Christmas Day (yesterday) this year was on Saturday, so it was not so important for it to be a federal holiday. But what about it? Should Christmas be a federal holiday? Probably not.
I am sure many who read this will disagree with me. So let me explain why I, one who has been an ordained Christian minister for more than fifty years and who served as a missionary for nearly four decades, question the legitimacy of Christmas being a federal holiday.
Last time I mentioned how Christmas is widely celebrated in Japan, especially by the merchants. But as you might expect, Christmas is not a holiday in Japan, or in most other countries where a majority of the citizens are not Christians and where Christianity has not been the primary shaper of the culture.
But that certainly does not mean that Christmas has no religious meaning in Japan. There are more people, including more non-Christians, who attend church services on the Sunday before Christmas and on Christmas Eve than any other time of the year.
Many Western Christians of the past, however, did not celebrate Christmas at all. Many Protestants, including those “illegal aliens of 1620” about whom I wrote last month, did not observe Christmas as a holiday. Those pious Pilgrims began building their first permanent houses in Plymouth Colony on December 25, 1621. And from 1659 to 1681 Christmas was actually outlawed in Boston.
During that same century, the Puritans who remained in England were also negative about celebrating Christmas. The name, after all, came from Christ’s mass, a Catholic practice which they referred to as “a popish festival with no biblical justification.” It was only after the monarchy was restored under King Charles II in 1660 that Christmas began to be celebrated again in England.
In this country now, many who would object to Christmas no longer being a federal holiday are also likely to advocate maintaining the original intent of the founding fathers of the nation. But during and after the Revolutionary War, English customs fell out of favor, including Christmas which had again been popular there for a century. In fact, Congress was in session on December 25, 1789, the first Christmas under America’s new constitution.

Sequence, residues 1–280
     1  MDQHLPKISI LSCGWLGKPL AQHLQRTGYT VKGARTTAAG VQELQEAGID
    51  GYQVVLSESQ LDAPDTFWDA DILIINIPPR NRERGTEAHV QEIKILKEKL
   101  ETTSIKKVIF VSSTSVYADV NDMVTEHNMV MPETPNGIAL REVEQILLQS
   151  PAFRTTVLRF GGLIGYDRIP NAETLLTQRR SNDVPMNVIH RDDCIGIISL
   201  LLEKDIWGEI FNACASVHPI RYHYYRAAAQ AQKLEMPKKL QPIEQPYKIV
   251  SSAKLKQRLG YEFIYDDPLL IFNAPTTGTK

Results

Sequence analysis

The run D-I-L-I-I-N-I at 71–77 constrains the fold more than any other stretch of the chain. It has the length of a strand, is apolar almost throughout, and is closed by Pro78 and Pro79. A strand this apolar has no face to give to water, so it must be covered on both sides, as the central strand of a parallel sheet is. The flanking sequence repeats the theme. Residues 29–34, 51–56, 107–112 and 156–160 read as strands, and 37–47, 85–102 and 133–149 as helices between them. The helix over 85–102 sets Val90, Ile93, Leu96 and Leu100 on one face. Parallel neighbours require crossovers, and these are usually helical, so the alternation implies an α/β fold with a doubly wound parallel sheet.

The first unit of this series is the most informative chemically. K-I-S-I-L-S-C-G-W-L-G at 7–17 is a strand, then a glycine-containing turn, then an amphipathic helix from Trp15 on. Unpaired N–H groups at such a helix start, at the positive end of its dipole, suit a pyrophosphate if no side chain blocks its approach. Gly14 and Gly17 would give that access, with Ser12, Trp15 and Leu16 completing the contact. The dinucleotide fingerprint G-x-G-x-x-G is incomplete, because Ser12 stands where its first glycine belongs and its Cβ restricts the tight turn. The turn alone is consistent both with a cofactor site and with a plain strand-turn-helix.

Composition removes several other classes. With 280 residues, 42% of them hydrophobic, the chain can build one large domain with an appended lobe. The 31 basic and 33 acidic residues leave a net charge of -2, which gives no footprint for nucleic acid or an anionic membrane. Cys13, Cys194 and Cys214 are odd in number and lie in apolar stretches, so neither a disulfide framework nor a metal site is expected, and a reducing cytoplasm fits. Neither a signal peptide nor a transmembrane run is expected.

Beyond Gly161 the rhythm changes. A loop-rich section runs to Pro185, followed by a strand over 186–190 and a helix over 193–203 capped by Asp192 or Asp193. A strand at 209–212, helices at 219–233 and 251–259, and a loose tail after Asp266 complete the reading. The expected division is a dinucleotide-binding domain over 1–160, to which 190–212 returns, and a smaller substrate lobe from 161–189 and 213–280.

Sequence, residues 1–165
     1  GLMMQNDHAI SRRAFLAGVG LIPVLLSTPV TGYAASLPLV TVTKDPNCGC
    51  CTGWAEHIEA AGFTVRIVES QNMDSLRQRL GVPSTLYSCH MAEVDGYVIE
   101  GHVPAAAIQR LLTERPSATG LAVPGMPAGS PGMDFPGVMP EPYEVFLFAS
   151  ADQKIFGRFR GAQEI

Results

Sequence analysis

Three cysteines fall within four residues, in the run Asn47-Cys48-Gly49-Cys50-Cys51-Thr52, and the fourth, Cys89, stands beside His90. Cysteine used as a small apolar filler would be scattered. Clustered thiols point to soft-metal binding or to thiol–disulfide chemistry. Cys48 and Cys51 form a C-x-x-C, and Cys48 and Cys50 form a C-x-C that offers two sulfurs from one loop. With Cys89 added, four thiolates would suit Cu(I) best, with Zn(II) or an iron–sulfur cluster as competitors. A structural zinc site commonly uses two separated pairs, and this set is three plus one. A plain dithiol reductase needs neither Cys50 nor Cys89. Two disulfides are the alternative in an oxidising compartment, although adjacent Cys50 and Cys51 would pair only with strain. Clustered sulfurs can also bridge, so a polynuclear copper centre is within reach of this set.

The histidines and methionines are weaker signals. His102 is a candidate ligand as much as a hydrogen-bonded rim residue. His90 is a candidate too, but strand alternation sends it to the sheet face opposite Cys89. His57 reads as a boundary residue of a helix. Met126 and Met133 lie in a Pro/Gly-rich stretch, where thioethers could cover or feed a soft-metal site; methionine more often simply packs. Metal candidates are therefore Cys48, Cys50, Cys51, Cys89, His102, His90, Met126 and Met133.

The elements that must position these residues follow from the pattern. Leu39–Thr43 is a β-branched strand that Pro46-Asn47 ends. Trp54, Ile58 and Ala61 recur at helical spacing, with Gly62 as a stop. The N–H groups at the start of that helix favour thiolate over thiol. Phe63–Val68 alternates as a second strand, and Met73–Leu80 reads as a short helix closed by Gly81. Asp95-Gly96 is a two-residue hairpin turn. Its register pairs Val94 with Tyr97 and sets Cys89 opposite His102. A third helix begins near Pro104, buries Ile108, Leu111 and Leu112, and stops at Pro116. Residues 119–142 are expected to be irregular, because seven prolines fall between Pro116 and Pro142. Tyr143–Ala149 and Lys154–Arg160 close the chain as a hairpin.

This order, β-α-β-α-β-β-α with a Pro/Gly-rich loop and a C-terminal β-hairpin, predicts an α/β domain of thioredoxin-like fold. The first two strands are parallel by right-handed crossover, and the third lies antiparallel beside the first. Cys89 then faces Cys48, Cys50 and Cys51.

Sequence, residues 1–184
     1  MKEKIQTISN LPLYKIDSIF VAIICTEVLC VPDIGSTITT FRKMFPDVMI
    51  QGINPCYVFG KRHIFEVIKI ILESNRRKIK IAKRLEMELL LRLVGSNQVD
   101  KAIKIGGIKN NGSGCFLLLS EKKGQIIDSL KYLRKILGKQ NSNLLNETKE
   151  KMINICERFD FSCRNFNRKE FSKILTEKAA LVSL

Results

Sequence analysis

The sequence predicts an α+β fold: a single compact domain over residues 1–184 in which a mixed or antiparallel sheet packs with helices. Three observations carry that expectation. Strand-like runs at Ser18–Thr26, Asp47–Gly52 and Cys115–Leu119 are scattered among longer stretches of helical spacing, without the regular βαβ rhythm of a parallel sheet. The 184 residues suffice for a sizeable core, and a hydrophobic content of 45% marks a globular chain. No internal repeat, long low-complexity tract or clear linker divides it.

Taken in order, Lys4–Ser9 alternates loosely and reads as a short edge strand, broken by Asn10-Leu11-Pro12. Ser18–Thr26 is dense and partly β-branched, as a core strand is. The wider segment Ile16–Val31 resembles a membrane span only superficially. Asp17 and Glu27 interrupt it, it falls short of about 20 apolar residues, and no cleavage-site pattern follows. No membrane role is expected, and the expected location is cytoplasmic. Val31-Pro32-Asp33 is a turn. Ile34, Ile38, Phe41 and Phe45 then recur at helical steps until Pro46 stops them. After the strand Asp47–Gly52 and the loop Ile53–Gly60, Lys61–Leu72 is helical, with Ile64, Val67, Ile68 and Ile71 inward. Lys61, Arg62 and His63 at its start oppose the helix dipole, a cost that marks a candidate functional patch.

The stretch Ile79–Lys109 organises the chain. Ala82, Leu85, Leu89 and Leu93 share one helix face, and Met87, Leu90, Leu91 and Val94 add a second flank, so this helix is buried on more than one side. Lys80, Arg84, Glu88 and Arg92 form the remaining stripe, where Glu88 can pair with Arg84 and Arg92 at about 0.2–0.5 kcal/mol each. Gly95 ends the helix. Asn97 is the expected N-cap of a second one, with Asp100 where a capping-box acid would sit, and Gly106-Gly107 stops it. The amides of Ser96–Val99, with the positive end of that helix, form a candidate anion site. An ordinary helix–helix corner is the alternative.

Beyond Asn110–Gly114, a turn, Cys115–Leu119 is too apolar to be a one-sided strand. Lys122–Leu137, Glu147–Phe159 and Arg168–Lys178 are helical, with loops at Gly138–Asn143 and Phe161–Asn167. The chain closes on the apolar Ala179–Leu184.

Christmas wasn’t declared a federal holiday in the U.S. until 1870. One wonders if there was something of a compromise in that action. Before the Civil War, the North and South were divided on the issue of Christmas as well as on slavery. Many Northerners opposed the celebration of Christmas, but the first three States to make Christmas a legal holiday were in the South: Alabama in 1836 and Louisiana and Arkansas in 1838.
Now in our pluralistic nation at the end of 2010, perhaps it is time to re-think Christmas as a federal holiday. The demographics of the U.S. are much different now than 140, and more, years ago, so probably we should be following the stipulation of the First Amendment: “Congress shall make no law respecting an establishment of religion.”
In spite of its secularization and commercialization, Christmas surely still has something to do with Christianity. Thus, changing Christmas so it is no longer a federal holiday is probably something that should be done sooner rather than later.